Classroom visits by museum staff provided children with a better understanding
about museum work, and an opportunity for staff to establish a personal
relationship with the children prior to the first museum visit. Museum staff visits
also served to stimulate discussion and increase children’s levels of interest in
preparation for the visit. Curators, scientists, education staff and administrators
have valuable contributions to make towards fostering children’s understanding
of the place and work of museums in today’s society.
The museum objects brought into the classroom were central to telling the story
of museum work and made a lasting impression on the children, as noted by
their comments during the interviews conducted after completion of the Term 1
curriculum. Objects brought into the classroom included fossils, preserved
animals, ‘olden days’ toys and artefacts, science puzzles and reproductions of
Following the first five sessions of Term I, in which content knowledge was
introduced, two sessions were devoted to the planning and set-up of a minimuseum in the classroom. Children brought an item from home and readied it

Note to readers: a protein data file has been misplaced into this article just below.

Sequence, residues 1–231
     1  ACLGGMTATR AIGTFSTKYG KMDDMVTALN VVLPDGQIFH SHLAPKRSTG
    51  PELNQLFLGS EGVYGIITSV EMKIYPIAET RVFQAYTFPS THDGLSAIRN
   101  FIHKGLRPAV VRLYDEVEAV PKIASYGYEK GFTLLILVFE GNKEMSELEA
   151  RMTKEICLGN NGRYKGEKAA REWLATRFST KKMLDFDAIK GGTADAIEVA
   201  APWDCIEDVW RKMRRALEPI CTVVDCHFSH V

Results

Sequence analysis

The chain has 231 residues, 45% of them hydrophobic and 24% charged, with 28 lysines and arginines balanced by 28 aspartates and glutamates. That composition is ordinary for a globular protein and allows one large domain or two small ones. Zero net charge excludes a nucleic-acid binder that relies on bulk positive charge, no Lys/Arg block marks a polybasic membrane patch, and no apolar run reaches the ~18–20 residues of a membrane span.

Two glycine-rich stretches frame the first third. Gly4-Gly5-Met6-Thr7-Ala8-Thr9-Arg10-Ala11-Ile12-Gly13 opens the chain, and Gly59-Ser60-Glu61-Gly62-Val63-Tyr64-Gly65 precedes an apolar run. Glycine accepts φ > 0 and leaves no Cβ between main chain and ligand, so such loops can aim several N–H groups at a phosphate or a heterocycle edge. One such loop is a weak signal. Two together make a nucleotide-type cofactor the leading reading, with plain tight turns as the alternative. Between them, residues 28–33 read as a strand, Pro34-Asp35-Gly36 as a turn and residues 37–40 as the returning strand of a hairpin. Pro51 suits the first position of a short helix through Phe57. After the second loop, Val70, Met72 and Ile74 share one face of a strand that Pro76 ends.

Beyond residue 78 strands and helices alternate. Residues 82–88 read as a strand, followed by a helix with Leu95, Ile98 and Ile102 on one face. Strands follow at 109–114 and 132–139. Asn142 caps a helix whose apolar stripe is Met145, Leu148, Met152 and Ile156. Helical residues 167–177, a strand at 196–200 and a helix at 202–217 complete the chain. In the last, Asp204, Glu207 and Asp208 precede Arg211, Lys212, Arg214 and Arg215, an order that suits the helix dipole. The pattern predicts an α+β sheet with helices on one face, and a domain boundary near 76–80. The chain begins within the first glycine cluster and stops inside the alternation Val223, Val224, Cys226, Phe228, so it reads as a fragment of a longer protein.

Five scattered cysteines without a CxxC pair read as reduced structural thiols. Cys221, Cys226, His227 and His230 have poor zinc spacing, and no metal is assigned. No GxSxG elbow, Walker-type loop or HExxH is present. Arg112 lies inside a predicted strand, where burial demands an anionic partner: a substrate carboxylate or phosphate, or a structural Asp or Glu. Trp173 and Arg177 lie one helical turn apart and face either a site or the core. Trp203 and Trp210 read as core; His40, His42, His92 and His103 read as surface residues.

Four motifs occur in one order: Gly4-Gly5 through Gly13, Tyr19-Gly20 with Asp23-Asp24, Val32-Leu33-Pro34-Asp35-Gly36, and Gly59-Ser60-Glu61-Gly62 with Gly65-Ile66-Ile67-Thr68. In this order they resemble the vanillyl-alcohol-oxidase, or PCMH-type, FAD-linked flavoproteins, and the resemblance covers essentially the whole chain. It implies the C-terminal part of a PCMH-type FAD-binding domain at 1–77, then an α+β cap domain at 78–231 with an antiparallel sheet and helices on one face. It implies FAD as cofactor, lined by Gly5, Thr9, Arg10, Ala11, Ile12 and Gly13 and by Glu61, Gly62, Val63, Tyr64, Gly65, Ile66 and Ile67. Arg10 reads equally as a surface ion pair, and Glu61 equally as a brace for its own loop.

for display in their classroom museum following the process of: select, research,
prepare and display. Families and museum staff attended the classroom
museum opening where the children acted as greeters, security personnel and
tour guides. Children enjoyed taking the leading role as ‘experts’, explaining
their objects to the adult visitors.
Figure 30. Mini-museum
in the classroom.
Science Centre Visits
In Term 2, the children visited the Queensland Sciencentre on three separate
occasions. Prior to the first visit, the children received a pre-visit lesson that
included an explanation of the purpose for the visit as well as an overview of the
schedule of events. During this session, children composed a list of ‘rules’ to
follow during the visit. The pre-visit session was child-focused and provided
children with advanced organisers intended to increase learning outcomes.
Visit #1
Upon arrival for the first visit to the Sciencentre, a member of the staff greeted
the children. Shortly after the group was welcomed, the class was split into
smaller museum ‘buddy’ groups. Buddy groups consisted of four or five
children with an accompanying adult. A Sciencentre volunteer explainer was
assigned to each group. Because many adult chaperones are not equipped
(and/or do not feel comfortable) to answer children’s questions, the explainers
were there to provide support when the inevitable question, ‘How does it work?’,
was asked. The groups went on a brief orientation tour that featured iconic
exhibits, along the way interacting with the exhibits, their peers and
accompanying adults (see Resource 20, for example of guide sheet used).
guides accompanied each
buddy group as they
toured the Sciencentre.